Prince Philip, Duke of Edinburgh, led a well-organized and routine-based life from morning to evening. As the husband of the Queen of England and with his long-entrenched strict daily habits, he accomplished many royal engagements throughout his lifetime.
Details about Prince Philip's daily routine were revealed to the public by a Daily Mirror reporter in 2003 who worked as a footman at the Palace, subsequently published in The Daily Mail.
Inside a day in the life of Prince Philip
- Prince Philip had a ritualistic approach to his daily routine.
- He started his day with a cup of coffee and a shower.
- High tea was served at the Palace at 5 p.m., and dinner was relaxed.
- The Duke had a curious nighttime habit of "sleep waving."
Each morning, Prince Philip would sit for breakfast at a table set up by Palace servants in the Queen's private dining room. He had a cup of coffee and listened to BBC Radio 4 while eating his breakfast, which consisted of cereal and porridge oats kept in Tupperware boxes, two types of marmalade, and a bottle of maple syrup at hand. A thick white napkin embroidered with the EIIR emblem would be folded on the table next to the plastic cereal containers. Interestingly, each of these, one would say, commonplace plastic tubs would be carefully placed in the same position every day.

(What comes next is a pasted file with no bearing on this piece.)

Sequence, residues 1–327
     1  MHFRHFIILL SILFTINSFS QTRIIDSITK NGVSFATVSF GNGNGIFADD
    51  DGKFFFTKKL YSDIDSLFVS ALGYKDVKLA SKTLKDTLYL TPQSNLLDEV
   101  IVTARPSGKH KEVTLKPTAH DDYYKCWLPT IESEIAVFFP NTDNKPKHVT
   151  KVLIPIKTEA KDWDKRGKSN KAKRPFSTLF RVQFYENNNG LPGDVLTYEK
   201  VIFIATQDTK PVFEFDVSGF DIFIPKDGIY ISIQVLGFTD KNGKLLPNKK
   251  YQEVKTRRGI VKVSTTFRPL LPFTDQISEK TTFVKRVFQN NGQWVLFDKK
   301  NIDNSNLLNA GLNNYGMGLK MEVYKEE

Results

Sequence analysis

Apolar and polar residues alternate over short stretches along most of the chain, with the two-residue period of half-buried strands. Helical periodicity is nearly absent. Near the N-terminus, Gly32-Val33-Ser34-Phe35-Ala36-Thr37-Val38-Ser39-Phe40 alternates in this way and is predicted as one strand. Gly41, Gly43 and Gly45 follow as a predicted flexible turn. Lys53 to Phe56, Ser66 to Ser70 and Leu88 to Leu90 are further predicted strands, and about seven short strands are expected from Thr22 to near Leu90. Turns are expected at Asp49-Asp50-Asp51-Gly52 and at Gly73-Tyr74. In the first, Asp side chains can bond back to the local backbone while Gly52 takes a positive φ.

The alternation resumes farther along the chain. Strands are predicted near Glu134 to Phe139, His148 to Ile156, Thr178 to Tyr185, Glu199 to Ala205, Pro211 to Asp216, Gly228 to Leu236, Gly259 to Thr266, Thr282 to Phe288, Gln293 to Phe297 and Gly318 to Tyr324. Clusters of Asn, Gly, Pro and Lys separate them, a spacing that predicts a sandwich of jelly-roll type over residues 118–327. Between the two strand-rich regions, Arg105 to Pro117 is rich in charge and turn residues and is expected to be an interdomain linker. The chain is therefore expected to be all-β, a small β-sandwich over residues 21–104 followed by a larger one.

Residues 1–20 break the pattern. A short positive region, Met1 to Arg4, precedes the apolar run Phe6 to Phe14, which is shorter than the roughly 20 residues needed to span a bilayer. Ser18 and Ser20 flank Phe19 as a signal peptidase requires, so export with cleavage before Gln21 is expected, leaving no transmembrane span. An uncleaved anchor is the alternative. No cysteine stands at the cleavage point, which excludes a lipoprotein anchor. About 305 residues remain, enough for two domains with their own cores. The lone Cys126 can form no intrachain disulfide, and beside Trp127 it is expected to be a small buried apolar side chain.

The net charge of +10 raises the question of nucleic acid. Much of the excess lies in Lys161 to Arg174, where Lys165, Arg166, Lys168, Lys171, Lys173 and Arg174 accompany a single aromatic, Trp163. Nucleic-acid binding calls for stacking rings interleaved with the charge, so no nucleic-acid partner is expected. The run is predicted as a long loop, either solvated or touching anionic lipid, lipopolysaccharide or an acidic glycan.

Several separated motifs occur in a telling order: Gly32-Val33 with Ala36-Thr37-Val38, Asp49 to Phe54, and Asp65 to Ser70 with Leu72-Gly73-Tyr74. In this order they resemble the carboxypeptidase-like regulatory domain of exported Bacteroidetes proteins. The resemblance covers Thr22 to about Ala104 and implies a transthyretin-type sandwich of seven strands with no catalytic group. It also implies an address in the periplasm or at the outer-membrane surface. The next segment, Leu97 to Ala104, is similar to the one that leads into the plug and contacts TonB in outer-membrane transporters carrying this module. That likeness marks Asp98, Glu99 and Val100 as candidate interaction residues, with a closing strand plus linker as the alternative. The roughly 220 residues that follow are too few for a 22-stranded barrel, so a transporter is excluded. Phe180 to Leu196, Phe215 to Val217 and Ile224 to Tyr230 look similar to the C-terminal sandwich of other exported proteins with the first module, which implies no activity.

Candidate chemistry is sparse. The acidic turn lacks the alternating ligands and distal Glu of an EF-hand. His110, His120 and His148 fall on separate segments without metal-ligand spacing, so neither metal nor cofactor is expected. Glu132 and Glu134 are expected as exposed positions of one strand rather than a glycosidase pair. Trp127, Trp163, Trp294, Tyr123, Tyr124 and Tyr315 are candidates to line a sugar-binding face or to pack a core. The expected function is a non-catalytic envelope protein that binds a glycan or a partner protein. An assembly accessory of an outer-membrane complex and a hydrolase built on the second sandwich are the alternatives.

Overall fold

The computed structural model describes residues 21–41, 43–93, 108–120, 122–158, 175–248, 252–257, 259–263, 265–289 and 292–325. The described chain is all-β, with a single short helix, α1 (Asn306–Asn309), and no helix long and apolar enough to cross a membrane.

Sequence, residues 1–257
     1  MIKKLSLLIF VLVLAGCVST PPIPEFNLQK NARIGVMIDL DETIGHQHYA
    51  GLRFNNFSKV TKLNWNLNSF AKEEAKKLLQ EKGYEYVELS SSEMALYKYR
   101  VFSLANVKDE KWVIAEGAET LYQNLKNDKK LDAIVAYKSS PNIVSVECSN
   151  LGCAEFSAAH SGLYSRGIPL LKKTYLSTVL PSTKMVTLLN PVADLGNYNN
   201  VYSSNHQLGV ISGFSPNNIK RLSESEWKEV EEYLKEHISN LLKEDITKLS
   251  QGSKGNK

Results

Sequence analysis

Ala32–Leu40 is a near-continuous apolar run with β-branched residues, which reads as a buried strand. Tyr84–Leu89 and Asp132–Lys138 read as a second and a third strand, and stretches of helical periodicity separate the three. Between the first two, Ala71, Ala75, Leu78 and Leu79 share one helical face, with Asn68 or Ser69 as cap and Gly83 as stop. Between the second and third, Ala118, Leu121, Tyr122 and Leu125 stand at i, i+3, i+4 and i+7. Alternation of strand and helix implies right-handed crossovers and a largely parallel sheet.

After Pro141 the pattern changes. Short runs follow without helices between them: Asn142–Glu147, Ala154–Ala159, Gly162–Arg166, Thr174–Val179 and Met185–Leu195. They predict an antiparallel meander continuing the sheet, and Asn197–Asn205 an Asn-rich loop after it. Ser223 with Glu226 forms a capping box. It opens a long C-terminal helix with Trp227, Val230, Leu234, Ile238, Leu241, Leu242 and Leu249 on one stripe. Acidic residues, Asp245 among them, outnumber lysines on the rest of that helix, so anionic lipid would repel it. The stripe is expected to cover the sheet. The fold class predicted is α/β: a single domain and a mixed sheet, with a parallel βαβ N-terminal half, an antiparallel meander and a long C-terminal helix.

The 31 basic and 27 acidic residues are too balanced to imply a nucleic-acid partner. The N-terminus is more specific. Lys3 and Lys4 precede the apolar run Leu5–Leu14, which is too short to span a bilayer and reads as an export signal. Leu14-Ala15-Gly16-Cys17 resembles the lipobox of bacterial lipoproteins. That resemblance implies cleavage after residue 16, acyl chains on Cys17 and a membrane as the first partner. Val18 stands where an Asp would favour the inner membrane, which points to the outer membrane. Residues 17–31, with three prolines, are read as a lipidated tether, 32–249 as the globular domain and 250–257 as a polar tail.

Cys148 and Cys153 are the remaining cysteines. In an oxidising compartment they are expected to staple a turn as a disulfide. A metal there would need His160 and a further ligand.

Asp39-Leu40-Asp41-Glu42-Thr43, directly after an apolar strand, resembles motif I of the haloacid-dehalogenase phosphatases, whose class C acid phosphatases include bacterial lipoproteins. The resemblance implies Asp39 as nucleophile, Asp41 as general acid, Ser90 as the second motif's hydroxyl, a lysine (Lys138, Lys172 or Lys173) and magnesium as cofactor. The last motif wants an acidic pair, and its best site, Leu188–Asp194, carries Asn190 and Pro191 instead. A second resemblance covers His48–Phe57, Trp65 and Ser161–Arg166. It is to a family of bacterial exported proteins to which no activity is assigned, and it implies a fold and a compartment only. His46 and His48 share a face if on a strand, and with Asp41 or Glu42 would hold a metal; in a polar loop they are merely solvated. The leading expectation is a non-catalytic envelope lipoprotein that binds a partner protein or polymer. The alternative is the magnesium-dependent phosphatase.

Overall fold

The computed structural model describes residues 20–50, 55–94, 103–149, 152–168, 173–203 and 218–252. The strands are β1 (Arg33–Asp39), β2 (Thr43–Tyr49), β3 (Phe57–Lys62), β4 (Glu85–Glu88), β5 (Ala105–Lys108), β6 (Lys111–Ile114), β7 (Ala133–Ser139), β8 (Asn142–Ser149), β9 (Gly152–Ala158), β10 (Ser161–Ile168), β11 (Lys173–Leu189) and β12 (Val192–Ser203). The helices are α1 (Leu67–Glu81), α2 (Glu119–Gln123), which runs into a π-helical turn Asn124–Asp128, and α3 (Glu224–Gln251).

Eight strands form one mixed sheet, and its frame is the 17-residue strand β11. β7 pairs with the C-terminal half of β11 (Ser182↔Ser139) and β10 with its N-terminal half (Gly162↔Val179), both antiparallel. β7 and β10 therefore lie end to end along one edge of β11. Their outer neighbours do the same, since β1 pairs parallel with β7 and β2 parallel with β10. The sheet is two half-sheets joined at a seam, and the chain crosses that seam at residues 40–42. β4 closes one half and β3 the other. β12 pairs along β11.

After breakfast, Prince Philip would, depending on his diary, carry out solo visits or support the Queen at her public appearances.
An injured wrist forced him to give up playing polo in his fifties, and he began his competitive career in carriage racing in 1973, when he was 52. He says, "I was looking round to see what next; I didn't know what there was available ... I decided to give up the big sporting love of my life and look for new challenges. Which is how I ended up carriage driving." So, many an afternoon was taken up with "... the sheer pleasure of driving a team through the British countryside," Prince Philip wrote in a book he authored about the sport.
High tea was served at 5 p.m., including sandwiches, scones, and Dundee cake. Dinner was a relaxed affair for the Queen and Prince Philip when there were no guests or public engagements. They preferred to change into comfortable clothes and enjoy a casual meal. Prince Philip was fond of lager and cooking on the barbecue and avoided oysters while on duty.
Pamela Hicks, the Queen's Lady-in-Waiting, revealed in an ITV documentary that Prince Philip had a curious habit of "sleep waving" at night, which he developed due to his dedication to royal engagements during the day. It was to plague him in later life.
He retired from public duties in May 2017 but kept busy with meetings, events, and hobbies. In his later years, he spent most of his time at Wood Farm, where he read, painted, and hosted friends.